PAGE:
(NOAA graphic)

At left is a current depiction of sea surface temperature anomalies — departures from normal readings this time of the year. You’ll note waters are warmest over the northwest Carribean, but they are above average all around Florida and Cuba. See that patch of blue in the northwest gulf? That’s the cooling that occurred when Harvey extracted much of the heat from those waters prior to and during landfall.

Most of you are at least vaguely aware meteorologists have a huge arsenal of models and model ensembles.

(Ensembles are multiple runs of models, each with slightly varied “initial conditions” because we cannot know the precise state of the atmosphere at any given moment, due to sparsity of observations. So, modelers create a reasonable range of differing initial conditions. For example, the vaunted European model has 51 different runs, due to superior computer crunch power. The American GFS model has 21 different runs in its ensemble. The GFS has improved, but it has a way to go to consistently match the European for accuracy. None of this means the European should always be favored over the GFS. All models have good days and bad days. The European, however, has more good days than the GFS.)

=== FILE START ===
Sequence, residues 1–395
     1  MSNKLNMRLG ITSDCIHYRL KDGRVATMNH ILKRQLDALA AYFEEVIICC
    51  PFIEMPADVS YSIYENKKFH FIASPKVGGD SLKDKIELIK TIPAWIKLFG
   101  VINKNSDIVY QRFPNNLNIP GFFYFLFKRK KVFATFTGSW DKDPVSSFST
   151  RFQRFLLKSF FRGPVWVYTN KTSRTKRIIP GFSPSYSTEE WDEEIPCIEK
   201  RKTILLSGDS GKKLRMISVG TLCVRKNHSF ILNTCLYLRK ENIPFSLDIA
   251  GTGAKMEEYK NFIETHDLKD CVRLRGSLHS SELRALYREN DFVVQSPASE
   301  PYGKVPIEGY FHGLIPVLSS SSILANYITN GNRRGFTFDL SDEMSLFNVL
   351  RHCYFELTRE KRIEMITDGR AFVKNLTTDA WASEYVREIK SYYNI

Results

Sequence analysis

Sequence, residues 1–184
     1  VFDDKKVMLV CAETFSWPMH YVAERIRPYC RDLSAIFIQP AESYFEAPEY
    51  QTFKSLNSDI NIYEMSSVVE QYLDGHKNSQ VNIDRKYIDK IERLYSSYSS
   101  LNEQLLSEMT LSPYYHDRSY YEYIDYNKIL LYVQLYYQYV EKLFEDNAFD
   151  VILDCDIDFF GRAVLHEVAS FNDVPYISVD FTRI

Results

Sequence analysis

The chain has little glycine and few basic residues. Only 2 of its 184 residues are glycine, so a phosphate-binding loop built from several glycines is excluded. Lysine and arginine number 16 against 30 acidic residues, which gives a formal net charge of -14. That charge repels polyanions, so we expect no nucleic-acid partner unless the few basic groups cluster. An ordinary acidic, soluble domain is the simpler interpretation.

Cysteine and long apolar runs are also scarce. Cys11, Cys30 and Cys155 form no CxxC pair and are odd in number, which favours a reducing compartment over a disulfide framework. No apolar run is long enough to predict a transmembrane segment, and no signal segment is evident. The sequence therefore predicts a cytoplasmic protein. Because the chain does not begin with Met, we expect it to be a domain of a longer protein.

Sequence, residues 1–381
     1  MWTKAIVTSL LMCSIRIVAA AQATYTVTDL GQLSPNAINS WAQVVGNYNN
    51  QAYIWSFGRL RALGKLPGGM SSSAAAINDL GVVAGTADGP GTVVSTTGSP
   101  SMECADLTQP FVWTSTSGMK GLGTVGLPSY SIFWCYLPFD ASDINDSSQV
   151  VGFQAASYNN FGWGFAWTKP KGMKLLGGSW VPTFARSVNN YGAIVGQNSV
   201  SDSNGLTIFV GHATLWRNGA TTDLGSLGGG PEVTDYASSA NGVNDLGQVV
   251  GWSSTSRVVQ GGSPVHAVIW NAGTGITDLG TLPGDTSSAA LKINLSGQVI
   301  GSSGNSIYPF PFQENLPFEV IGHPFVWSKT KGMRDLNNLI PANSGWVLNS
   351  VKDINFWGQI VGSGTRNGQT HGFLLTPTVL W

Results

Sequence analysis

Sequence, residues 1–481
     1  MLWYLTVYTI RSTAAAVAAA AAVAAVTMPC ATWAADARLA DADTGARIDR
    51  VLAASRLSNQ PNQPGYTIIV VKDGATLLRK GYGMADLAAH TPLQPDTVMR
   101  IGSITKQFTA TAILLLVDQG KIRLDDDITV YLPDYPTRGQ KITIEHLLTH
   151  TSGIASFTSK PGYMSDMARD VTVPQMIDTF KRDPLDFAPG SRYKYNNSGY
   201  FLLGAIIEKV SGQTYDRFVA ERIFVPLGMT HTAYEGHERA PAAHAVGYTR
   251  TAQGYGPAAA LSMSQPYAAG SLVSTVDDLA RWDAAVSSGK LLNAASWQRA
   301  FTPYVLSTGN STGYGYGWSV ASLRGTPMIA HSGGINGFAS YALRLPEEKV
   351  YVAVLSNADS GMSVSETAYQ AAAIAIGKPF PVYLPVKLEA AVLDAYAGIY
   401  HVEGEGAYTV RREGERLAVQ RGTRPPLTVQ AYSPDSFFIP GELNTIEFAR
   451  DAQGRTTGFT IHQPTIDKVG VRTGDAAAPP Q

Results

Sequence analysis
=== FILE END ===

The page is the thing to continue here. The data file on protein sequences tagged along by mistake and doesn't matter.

The track forecast above has shifted the most likely range of tracks farther east, near Florida, than Tuesday’s forecasts. In fact, many models now support such a shift, and some shift the track farther to the east of Florida. Why wouldn’t the NHC jump all over this trend? Because meteorologists want to see more consistency from model run to run. Things can shift back to the west again in the next few runs. The NHC appropriately is more conservative with track forecast changes because that’s usually good science. Jumping on a sudden change is often bad science.

Here’s an example of just one model, the GFS, showing an eastward shift. (Due to heavy internet traffic, it may take a bit longer to load.) This particular track would be catastrophic for at least eastern Florida if the track verifies. It is somewhat east of yesterday’s run.